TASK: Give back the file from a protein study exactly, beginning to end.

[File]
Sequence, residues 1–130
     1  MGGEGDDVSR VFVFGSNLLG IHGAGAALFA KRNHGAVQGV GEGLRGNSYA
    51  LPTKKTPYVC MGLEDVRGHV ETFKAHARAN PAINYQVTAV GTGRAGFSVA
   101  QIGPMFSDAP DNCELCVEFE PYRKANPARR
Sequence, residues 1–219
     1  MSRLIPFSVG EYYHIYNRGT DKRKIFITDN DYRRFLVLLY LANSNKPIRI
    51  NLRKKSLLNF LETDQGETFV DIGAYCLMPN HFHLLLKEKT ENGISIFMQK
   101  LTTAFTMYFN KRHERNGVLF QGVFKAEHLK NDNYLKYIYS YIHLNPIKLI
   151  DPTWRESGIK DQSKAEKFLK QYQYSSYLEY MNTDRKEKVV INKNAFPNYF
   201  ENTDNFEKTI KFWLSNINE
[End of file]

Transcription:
Sequence, residues 1–130
     1  MGGEGDDVSR VFVFGSNLLG IHGAGAALFA KRNHGAVQGV GEGLRGNSYA
    51  LPTKKTPYVC MGLEDVRGHV ETFKAHARAN PAINYQVTAV GTGRAGFSVA
   101  QIGPMFSDAP DNCELCVEFE PYRKANPARR
Sequence, residues 1–219
     1  MSRLIPFSVG EYYHIYNRGT DKRKIFITDN DYRRFLVLLY LANSNKPIRI
    51  NLRKKSLLNF LETDQGETFV DIGAYCLMPN HFHLLLKEKT ENGISIFMQK
   101  LTTAFTMYFN KRHERNGVLF QGVFKAEHLK NDNYLKYIYS YIHLNPIKLI
   151  DPTWRESGIK DQSKAEKFLK QYQYSSYLEY MNTDRKEKVV INKNAFPNYF
   201  ENTDNFEKTI KFWLSNINE